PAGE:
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Thread: Waterbirth at Birth Centres

  1. #1
    Matryoshka Guest

    Default Waterbirth at Birth Centres

    I know at mine and most birth centres they do not "do" a water birth but apparently they cannot tell you to get out.



    So in this case, are they prepared at all if the baby comes out under water? (in the bath)

    Also if things like gas and morphine are used is this not recommended?

    I'm under the impression that gas IS a drug.

  2. #2

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    You'll probably find that they are prepared for a waterbirth, they just don't allow you to plan for one. It's a stupid system, I know. Even in the public system, most hospitals I have been involved with have recently introduced a Waterbirth policy, to be used in the event of an "accidental" waterbirth.

    And yes, nitrous oxide is considered a drug, but it is processed so quick by the mother that the baby is exposed to negligible amounts of it.

  3. #3
    Matryoshka Guest

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    so would the gas make the baby born under water dangerous at all? and what about morphine? or are the risks the same as out of water?

  4. #4

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    The gas wouldnt' affect bub but the morphine would. In fact you wouldn't be allowed to have morphine in the water in any case.

    If you truelly want a waterbirth and your birth centre doesn't "allow" it, there are a few things that you can try.

    You can position your bum over the plug so no one can get near it. Or you can take your own plug from home in. Legally the nurses and Dr's are not allowed to touch your belongings. So if they try to remove your plug from the bath you can have them charged. Not saying that you have to go this far but it's food for thought.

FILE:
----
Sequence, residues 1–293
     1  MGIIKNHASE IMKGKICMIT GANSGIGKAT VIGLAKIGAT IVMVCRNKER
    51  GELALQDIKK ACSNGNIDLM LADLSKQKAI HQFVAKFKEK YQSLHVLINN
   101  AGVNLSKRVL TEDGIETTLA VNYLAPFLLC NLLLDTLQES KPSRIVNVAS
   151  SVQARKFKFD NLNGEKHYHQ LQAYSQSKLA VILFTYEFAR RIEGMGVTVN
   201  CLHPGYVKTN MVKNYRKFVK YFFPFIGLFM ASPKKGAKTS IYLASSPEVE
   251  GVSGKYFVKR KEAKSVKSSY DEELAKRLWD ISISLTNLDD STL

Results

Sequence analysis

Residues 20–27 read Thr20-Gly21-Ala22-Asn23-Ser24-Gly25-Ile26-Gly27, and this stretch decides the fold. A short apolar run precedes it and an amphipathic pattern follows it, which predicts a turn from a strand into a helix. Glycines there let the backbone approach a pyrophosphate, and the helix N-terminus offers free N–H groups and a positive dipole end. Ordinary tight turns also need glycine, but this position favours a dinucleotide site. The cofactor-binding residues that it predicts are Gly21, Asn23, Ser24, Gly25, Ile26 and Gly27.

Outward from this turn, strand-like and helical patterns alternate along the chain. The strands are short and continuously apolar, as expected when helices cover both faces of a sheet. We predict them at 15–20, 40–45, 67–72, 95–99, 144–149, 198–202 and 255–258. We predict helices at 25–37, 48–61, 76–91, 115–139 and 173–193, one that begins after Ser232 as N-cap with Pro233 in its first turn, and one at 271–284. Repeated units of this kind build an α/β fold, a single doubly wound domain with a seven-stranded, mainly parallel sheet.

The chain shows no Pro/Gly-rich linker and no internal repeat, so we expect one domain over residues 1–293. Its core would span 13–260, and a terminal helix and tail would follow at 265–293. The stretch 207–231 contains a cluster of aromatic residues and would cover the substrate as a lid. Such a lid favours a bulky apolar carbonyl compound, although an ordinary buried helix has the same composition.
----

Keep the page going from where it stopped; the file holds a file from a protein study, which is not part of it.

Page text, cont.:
Also if you are really wanting a waterbirth is it possible for you to find a hosp that "allows" them nearby ? OR.... You can always have a homebirth

  5. #5
    Matryoshka Guest

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    I'm really not sure i want a waterbirth, because last time i just didn't want to get in the bath... i did plan to use the bath i just didn't want to when the time came! So basically i'm just getting info for when the time comes...

  6. #6

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    hey Ourlux

    I had an 'accidental' hospital water birth with Jay...I was in the bath and sucking on the gas...ooohhh I lurved that gas ...and he birthed before I pushed

    Trish...love your suggestions just what I was thinking

    and if you are relaxed enough you dont get that overwhelming urge to push until the baby is about to be promptly birthed ...this is how I happened to be in the bath, so relaxed, no pushing and ooops there is my baby's head between my legs...Yay

    xx yogababy

  7. #7

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    LOL Natalie. We sound like a good pair hun. I never really got that urge with Abbey, I found it hard to believe I was that close to birthing as I had no urge at all.

  8. #8
    Matryoshka Guest

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    So in that case would i tell them or can they see? what happens then? do they get the baby out or would i pick it up?

  9. #9

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    hey Ourlux

    as a m/w you really cant see whats going on down there if the woman is in a sitting, squatting position...so the only way we would know is if the woman told us (like I did...my baby's head is out) or if she starts to make the pushy noises

    in most cases I would think that the m/w would simply birth the baby as per normal and bring them up and out of the water without delay

    waterbirth is the same process as airbirth...its just that the medical profession have attached a stigma to it...babies do not take the first breath until 'born' out of the water

    if your interested i have a lot of information on waterbirth...its interesting even if you are not planning one

    oh and you certainly do not have to be 'alternative' to have a water birth...I love my research based facts, and this is the basis of all my teaching...and I am pretty conservative (personally and professionally) if required

    xx yogababy

  10. #10
    Matryoshka Guest

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    Thanks Natalie.... so why do people always say the risk of drowning if the baby does not breathe until out of the water?

  11. #11

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    Quote Originally Posted by Ourlux View Post
    Thanks Natalie.... so why do people always say the risk of drowning if the baby does not breathe until out of the water?